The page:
Uncle Sam Plays John Huang

Uncle Sam Plays John Huang

Uncle Sam Plays John Huang

Printed.
March 16 1997 3:30 AM

Uncle Sam Plays John Huang

How the United States meddles in foreign politics.

Uncle Sam Plays John Huang How the United States meddles in foreign politics.

By David Mastio
(993 words; posted Saturday, March 15; to be composted Saturday, March 22)

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      If it is true that the Chinese have been mucking around in U.S. politics, as has been charged, they didn't manufacture the idea domestically. They borrowed it from us.       Last year, one government-funded nonprofit, the National Endowment for Democracy spent almost $2 million in China and about $28 million more around the globe. The endowment's mission is to promote "democracy." Its projects range from the blatantly political (funding a group last year to lobby on South Africa's constitution) to the completely irrelevant (funding a Chinese-language newspaper with a circulation of 500 in China, also in 1996).

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The program was created at the height of Ronald Reagan's Cold War buildup. The idea was simple--a nimble nonprofit, unencumbered by government rules but powered by federal funding, would be a powerful ally in promoting democracy and fighting communism. To assure bipartisan support, Congress chose four core grantees to receive the bulk (originally 70 percent, now 55 percent) of the money: institutes set up by the Republican and Democratic parties, the U.S. Chamber of Commerce, and the AFL-CIO. The rest of the funds are spent directly by the NED.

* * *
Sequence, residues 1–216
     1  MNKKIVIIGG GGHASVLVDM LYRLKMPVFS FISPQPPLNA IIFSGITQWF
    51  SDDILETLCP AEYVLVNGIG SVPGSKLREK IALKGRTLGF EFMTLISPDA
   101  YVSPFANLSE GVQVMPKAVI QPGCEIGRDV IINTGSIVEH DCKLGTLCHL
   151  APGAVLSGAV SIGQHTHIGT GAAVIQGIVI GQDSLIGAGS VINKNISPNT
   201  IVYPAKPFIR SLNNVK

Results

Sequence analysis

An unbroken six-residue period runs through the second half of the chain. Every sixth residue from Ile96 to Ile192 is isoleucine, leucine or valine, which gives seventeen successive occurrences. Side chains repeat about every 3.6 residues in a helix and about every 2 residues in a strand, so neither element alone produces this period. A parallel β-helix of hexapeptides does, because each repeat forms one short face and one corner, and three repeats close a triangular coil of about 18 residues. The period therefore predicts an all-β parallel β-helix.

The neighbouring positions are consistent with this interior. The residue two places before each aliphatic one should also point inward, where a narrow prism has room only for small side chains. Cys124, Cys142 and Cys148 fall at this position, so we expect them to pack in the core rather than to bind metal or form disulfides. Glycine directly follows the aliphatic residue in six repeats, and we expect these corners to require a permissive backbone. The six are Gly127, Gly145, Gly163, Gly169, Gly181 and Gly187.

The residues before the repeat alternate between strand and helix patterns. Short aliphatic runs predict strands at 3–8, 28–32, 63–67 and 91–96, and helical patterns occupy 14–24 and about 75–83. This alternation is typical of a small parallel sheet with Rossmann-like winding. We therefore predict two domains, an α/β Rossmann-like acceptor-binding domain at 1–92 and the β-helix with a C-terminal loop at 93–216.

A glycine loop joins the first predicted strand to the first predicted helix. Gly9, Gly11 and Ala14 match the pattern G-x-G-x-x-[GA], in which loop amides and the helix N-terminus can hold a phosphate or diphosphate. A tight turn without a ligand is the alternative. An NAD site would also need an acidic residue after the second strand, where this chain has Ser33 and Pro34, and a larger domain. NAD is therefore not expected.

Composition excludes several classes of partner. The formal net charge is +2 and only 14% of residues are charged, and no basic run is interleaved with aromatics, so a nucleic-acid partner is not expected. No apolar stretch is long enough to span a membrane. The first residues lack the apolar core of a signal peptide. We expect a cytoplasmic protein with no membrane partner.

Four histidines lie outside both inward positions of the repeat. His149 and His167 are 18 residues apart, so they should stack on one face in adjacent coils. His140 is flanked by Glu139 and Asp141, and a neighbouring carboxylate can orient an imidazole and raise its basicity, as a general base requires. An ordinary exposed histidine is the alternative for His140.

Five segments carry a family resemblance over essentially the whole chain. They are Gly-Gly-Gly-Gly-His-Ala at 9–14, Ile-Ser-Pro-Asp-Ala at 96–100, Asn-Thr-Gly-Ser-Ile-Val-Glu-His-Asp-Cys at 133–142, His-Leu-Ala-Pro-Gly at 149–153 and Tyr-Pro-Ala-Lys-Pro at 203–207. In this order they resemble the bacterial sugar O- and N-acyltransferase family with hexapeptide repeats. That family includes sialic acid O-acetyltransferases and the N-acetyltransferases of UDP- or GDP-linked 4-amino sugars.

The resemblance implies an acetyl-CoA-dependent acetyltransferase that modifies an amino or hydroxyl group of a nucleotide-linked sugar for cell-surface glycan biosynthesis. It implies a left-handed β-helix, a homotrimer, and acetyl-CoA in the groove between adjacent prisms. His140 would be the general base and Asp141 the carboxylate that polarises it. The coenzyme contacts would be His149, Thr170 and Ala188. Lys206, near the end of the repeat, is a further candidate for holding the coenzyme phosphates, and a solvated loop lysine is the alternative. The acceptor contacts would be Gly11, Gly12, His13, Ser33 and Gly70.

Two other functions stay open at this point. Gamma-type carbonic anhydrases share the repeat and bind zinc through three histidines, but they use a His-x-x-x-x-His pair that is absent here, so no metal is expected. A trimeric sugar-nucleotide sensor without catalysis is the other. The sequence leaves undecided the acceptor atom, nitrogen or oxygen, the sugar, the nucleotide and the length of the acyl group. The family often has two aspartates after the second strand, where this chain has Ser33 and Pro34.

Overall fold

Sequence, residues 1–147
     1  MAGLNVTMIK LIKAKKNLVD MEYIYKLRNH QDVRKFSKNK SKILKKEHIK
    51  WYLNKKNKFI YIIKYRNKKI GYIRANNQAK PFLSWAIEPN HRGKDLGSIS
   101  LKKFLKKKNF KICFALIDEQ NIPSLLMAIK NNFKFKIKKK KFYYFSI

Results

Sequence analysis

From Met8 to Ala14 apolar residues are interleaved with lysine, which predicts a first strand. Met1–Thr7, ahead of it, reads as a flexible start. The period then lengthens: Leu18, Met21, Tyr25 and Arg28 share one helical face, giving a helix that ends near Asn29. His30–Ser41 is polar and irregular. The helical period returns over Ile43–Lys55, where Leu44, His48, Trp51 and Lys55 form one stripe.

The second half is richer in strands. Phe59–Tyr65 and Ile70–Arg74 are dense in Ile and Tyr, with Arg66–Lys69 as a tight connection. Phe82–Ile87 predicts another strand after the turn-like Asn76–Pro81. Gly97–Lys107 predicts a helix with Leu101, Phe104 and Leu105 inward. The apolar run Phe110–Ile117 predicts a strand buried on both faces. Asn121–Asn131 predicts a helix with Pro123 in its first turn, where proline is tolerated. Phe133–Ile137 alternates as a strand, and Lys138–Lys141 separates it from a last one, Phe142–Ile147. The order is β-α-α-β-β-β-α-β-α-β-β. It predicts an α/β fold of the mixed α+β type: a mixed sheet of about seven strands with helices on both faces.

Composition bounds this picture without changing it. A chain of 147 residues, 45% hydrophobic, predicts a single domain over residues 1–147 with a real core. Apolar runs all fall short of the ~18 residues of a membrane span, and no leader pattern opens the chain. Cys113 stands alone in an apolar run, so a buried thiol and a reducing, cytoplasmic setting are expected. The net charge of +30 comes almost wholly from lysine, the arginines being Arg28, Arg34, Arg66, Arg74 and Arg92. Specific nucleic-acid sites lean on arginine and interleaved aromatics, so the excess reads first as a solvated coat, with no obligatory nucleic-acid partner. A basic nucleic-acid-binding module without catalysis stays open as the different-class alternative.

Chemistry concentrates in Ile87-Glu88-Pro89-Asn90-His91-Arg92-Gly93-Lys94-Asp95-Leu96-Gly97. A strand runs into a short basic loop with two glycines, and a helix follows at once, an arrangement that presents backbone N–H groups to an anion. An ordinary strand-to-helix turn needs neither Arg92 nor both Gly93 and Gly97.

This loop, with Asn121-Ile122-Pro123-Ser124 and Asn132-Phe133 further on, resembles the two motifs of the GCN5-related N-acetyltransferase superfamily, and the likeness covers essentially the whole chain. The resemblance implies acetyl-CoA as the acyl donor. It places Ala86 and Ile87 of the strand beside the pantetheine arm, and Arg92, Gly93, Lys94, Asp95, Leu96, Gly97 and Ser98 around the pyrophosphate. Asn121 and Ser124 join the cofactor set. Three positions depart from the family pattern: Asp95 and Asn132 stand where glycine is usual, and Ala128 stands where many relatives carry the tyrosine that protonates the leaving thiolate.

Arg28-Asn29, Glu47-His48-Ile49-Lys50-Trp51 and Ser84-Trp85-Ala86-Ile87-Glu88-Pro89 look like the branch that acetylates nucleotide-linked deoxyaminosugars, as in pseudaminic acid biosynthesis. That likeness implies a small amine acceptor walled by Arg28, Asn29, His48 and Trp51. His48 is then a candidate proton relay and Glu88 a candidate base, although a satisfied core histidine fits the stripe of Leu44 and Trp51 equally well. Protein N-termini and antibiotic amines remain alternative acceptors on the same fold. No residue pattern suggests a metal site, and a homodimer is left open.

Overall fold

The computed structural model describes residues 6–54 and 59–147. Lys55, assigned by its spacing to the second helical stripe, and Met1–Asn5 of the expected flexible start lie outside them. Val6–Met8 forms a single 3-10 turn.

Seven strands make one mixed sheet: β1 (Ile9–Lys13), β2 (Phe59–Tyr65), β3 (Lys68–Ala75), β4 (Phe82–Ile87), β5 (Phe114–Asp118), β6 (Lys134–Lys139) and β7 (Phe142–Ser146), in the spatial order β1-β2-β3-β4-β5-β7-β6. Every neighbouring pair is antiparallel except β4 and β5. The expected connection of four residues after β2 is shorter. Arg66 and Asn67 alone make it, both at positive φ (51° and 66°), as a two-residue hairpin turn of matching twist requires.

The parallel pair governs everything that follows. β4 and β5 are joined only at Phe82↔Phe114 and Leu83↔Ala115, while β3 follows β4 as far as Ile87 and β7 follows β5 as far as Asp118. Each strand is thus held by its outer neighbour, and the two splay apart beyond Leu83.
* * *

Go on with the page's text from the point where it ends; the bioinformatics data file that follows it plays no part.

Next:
The money poured out to political and civic groups in more than 100 countries. The NED brought in polling and campaign consultants, helped fund party-building activities, and promoted a free press--it even bought off-road vehicles for voter registration in countries with few roads. The reaction for the most part has been applause and, indeed, many of the results were good. The NED played a small part in promoting Poland's Solidarity union and provided monitors to help ensure that elections in many newly democratizing countries were fair and free.
As recently as last summer, the NewYorkTimes and the Washington Post praised the NED for the role it played in promoting democracy in Albania and Mongolia. Campaign-finance-reform hero Sen. John McCain of Arizona heads the Republican-affiliated institute. Now however, both papers and the heroic Republican senator are stunned that a foreign power would muck around in another country's election process. President Clinton, who requested a 66 percent funding increase for the NED in 1994, is equally shocked that this could happen.
     It's hard to be against the angels of democracy and human rights, but imagine how Americans would feel if the Chinese Communist Party openly gave a million bucks to the Republicans for a voter-registration drive (not to mention the fact that U.S. law makes most political contributions by foreigners illegal here). But we do similar things in other countries all the time, and call it high-minded. Our most thoughtful senators and most prestigious editorial writers endorse the practice, until it's practiced on us. But an old-fashioned American double standard is only the beginning of the story, because the NED's pursuit of all that's best for mankind has a darker side.